Cambo oilfield development to be paused say developers Siccar Point Energy
Work on the controversial Cambo oilfield is being paused, its developers have said.
It follows a decision last week by Shell to pull out of the proposed development off Shetland.
Siccar Point Energy’s chief executive Jonathan Roger said his company will now “evaluate next steps”.
He said: “Following Shell’s announcement last week, we are in a position where the Cambo project cannot progress on the originally planned timescale.
“We are pausing the development while we evaluate next steps.
“We continue to believe Cambo is a robust project that can play an important part of the UK’s energy security, providing homegrown energy supply and reducing carbon intensive imports, whilst supporting a just transition.”
Environmental groups have long opposed the proposed field.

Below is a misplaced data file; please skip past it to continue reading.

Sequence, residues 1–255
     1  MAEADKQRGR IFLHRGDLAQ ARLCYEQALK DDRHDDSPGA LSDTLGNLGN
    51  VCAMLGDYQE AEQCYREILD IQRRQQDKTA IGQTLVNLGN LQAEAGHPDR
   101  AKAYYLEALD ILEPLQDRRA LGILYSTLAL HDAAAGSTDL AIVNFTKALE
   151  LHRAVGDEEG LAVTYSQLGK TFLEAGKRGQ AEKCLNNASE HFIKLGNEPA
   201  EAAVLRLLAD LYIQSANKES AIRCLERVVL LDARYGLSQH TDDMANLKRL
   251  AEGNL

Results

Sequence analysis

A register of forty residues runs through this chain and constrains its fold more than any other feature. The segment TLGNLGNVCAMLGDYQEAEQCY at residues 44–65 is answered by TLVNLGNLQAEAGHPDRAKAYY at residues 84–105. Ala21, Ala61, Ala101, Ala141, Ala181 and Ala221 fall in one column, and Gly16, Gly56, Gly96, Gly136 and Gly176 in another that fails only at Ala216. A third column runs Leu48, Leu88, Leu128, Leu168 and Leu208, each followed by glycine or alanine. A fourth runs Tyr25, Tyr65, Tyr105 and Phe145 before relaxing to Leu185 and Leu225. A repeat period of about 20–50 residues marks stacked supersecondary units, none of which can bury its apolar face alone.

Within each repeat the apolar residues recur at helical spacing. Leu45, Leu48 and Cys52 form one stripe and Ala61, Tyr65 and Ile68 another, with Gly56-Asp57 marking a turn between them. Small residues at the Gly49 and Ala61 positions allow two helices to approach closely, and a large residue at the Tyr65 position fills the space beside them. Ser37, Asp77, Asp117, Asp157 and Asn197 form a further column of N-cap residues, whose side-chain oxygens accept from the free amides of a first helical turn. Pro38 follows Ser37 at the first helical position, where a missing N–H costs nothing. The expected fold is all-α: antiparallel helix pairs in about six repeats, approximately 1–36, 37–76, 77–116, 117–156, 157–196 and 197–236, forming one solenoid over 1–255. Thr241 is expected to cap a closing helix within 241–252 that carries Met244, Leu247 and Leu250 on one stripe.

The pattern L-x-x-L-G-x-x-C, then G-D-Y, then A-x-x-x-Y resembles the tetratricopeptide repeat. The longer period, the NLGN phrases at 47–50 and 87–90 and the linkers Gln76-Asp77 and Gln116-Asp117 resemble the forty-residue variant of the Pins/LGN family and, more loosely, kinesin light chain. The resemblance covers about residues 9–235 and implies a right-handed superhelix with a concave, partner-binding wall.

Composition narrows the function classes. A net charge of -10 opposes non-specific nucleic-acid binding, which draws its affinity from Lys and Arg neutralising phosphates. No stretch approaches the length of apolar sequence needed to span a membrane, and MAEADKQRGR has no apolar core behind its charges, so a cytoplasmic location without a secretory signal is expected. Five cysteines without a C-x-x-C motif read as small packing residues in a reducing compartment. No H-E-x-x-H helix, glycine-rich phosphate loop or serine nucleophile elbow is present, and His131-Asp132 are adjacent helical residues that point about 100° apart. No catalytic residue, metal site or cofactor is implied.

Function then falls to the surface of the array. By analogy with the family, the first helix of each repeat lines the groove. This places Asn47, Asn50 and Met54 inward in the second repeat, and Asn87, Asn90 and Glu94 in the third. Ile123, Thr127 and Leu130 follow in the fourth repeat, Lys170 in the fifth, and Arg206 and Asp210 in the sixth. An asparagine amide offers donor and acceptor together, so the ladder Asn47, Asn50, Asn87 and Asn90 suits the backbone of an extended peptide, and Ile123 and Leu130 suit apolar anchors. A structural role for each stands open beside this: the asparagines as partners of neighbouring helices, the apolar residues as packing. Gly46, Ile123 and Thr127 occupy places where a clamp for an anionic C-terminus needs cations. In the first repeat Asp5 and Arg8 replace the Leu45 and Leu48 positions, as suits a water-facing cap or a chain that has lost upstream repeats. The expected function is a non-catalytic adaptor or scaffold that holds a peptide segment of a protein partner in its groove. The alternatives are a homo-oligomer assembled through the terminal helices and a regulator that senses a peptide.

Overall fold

They warned it would jeopardise hundreds of species in the ocean and have threatened the UK Government with legal action.
Last week Shell, which had a 30% stake in the development, said it had “concluded the economic case for investment in this project is not strong enough at this time, as well as having the potential for delays”.
In November, Scotland’s First Minister Nicola Sturgeon said the project should not go ahead.
It followed months of pressure from opposition and campaigners for the Scottish Government to make its position on Cambo clear.
Oil and Gas UK previously said blocking long-planned projects like Cambo would risk leaving the UK at the mercy of global shortages.
cottish Conservatives said Siccar Point Energy’s decision is “extremely concerning” for the oil and gas industry.
The party’s shadow secretary for net-zero Liam Kerr said: “The hostile SNP-Green stance on projects like Cambo is making it less attractive for energy companies to invest in Scottish oil and gas.
“It’s clear the shameful, ignorant, anti-business views of this coalition are now not only jeopardising our ability to meet net-zero targets but also abandoning thousands of jobs in the sector.
“Without investment in these projects, we risk becoming even more dependent on foreign imports rather than making use of Scotland’s domestic reserves of oil and gas.
“We warned bringing the extremist Greens into Government would damage Scotland’s economy and the effects of this are now being seen.”
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